Jack grew up in a UK Northern mining town, to a ‘modern’ mining family. With access to his Dad's record collection: Zeppelin, Hendrix and Prince he began his passion for music and the guitar.
He began gigging at the age of 11 and it soon became clear that he had a natural talent for holding an audience and telling an emotive story within a three minute pop song.
Jack has been a record labels favourite, but he decided that he would prefer and is more suited to an independent label where he would maintain creative control, working alongside his label and signed with The House Of Nanchang.
Walton has been beavering away behind the scenes to build a portfolio of hit material and has created a sound all of his own.
His impeccable and compelling vocal delivery and guitar skills will take any listener, with a love of well crafted, heartfelt tunes, to a happy place.
We caught up with Jack ahead of his live performance at Sessions 58, Monday 23rd July.
Looking Glass: You grew up in a big and an unconventional family: old school father, a gay mother and her partner and 1 sister and 6 step brothers. How would you say that influenced your musical expression?
Jack Walton: Well, I think I learned a few life lessons at a young age, I found I had a lot to express which isn’t a bad thing for a budding singer/songwriter. Living with my mum, her partner and her 5 kids and my sister not to mention having the girlfriends and boyfriends over. Yes, it was madness, there was always something occurring in that house and i had to learn how to survive very quickly being one of the youngest in the house.
I did had some really fun times and the house really got a bit of a name for its self in our area. If i ever needed a break, which i often did, I’d just turn on my P.A system which was constantly set up in my bedroom and play myself into a different realm.
LG: Zeppelin, Hendrix and Prince were your musical influences from early on. What would you say inspires you when it comes to each of these acts?
JW: When I first heard Led zeppelin, they blew my mind. I had never heard a band that played together so well and were as individually as talented as each other. The sheer passion in Robert Plant’s vocals really gave off this epic energy he could sing about anything and make it sound cool. Obviously their worldwide success is greatly admired by myself also.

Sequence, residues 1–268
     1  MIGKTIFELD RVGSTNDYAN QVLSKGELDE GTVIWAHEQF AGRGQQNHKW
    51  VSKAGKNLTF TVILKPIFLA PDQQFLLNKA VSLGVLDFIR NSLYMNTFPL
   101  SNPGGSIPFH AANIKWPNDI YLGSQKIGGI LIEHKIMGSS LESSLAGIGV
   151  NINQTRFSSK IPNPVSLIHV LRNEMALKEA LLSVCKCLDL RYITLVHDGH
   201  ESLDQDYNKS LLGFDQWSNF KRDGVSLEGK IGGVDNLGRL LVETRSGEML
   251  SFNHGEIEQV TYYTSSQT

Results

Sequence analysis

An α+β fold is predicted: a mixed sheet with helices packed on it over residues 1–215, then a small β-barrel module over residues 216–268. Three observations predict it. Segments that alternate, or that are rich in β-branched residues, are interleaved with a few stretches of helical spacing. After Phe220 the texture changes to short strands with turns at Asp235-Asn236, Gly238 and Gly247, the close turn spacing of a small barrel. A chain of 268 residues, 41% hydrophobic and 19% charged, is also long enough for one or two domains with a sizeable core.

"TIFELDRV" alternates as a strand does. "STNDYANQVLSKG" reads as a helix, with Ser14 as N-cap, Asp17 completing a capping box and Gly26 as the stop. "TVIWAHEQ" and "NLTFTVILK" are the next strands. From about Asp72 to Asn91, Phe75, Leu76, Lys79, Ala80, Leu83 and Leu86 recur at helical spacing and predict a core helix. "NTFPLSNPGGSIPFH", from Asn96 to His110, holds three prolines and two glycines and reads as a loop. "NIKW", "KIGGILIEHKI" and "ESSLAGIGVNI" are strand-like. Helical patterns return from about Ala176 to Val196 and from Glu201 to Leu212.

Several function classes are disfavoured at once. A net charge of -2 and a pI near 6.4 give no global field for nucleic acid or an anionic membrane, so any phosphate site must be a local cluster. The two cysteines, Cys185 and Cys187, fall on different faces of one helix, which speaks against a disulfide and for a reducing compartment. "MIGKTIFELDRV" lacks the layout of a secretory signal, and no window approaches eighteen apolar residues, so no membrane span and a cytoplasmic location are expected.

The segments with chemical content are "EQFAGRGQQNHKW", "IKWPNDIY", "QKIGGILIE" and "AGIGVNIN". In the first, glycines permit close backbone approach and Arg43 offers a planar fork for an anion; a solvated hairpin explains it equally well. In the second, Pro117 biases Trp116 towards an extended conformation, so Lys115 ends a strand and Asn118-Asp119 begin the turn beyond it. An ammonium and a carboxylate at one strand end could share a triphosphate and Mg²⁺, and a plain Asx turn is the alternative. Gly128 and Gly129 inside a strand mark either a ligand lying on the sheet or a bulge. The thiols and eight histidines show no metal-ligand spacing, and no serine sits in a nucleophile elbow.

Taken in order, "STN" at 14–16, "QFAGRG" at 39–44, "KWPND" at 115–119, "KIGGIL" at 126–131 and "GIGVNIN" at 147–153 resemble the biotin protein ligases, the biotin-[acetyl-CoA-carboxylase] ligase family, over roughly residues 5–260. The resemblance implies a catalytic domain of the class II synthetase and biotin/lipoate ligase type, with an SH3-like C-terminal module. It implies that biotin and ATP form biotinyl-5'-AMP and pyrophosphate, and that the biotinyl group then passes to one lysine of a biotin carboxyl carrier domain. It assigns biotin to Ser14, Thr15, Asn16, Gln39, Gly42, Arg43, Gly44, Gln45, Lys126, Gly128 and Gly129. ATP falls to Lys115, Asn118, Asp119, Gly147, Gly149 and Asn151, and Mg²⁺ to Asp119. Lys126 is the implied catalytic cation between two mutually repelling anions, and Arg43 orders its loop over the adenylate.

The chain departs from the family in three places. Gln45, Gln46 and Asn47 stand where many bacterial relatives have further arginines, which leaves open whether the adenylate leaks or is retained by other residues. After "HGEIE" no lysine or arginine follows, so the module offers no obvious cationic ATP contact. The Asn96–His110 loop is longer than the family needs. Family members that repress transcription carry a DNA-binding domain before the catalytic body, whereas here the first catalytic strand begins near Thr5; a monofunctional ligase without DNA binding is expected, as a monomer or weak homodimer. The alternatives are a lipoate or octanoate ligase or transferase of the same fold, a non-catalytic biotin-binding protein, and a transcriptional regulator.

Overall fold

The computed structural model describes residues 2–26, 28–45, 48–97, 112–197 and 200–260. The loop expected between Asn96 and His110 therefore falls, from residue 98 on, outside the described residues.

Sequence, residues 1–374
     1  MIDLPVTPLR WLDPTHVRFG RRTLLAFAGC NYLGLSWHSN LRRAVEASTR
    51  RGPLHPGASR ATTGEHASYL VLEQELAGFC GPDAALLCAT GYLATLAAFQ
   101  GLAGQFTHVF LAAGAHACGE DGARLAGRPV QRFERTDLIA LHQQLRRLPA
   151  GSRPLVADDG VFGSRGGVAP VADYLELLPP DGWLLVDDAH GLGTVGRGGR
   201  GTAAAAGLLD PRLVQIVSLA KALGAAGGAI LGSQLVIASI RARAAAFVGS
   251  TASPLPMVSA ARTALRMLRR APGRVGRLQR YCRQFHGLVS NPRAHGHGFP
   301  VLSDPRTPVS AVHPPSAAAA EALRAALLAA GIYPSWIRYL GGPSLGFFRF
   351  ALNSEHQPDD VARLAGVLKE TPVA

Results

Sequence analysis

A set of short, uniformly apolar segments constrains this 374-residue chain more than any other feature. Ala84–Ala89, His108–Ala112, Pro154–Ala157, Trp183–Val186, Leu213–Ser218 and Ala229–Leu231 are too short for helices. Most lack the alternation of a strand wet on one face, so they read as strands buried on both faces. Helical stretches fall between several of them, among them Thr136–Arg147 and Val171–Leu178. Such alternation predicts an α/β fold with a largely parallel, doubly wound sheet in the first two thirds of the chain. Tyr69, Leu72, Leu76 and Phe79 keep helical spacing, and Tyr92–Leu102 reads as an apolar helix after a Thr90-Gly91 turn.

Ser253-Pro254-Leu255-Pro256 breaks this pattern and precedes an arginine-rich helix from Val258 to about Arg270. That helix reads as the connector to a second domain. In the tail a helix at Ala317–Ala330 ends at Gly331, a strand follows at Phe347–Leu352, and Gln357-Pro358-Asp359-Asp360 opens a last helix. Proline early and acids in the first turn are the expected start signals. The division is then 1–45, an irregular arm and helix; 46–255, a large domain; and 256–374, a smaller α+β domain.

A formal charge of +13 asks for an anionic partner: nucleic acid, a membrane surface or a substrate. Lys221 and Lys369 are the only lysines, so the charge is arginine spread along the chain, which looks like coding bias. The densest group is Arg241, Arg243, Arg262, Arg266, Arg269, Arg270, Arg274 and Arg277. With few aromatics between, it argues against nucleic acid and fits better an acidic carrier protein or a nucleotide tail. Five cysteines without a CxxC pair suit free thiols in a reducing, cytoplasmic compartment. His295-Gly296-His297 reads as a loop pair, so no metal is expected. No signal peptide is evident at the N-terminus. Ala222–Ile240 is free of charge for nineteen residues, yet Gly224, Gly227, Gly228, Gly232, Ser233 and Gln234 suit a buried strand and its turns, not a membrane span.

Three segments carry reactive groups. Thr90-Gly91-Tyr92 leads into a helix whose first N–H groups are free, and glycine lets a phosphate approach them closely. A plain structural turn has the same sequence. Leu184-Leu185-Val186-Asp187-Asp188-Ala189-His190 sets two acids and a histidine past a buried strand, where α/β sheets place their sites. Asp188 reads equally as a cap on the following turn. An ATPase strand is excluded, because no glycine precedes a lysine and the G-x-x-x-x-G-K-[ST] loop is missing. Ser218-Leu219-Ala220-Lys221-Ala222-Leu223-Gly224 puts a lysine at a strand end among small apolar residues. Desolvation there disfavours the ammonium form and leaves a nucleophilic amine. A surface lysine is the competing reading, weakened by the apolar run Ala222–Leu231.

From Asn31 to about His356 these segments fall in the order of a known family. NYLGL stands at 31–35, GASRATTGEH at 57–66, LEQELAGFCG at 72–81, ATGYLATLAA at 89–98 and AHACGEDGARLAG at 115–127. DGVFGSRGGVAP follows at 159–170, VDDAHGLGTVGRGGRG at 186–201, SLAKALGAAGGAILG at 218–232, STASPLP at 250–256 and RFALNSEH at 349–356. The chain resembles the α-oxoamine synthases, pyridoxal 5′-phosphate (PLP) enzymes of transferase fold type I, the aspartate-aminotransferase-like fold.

Hendrix stood out pretty much anywhere, however he stood out to me personally because his music really changed the way i thought about playing guitar. His music is so out of this world but works magically and i find that really inspiring, he made me pick up my first electric guitar with a lot less stress about hitting all the right notes to sound good. Also, I feel like I get a glimpse into the way he sees the world whilst listening and its kinda trippy and i like that.
I was quite late to Prince really, I’d heard thename everywhere and some really bad karaoke versions of Purple Rain put me off delving in to his stuff, however it then became pretty clear that prince is unavoidable to notice when it comes to music. There is something so captivating about him from the way he plays to the way he speaks. A true artist in every sense of the word. I don’t really have idols but he’d be the closest to being one of mine.
LG: What are you currently working on?
JW: Im currently working on the second album now even though the first isn’t out just yet. I think timing is important when releasing music and I must say it’s a nice feeling to have a full album ready to go. The first single “Amazing Grace” was released about a month ago so we’re still working on promo for that right now as well.
LG: Where do you hope to see your music career in the next five years?
JW: In the next five years I’d hope to see my music recognised and enjoyed by every single person on the planet, that would be great however being more realistic, I’d like to see my music career at a point where I can say “I did it” and my music is reaching people and being enjoyed. Finally, I’d like to see that my music has benefitted people/the world in some way.
LG: What is the difference in working with major labels vs independent labels?
JW: I think the main difference for me is that independent labels have a much less cut throat, corporate approach. Deciding what and when to release with a major can be very back and forth and in some cases never happen as theres so many people involved. To be honest, unless you can get a great deal, i think majors can be more about the money than the music. Where as with an indie label, I find it, feels a lot less stressful as there’s usually a lot less people involved, you are part of a real team during the creative process. With my label (The House of Nanchang) I feel free to express my feelings both as an artist and an individual. Ultimately, i think that’s when you get the best results.
LG: If your sound was a flavour, what would it be?
JW: Salted caramel or maybe chilli chocolate.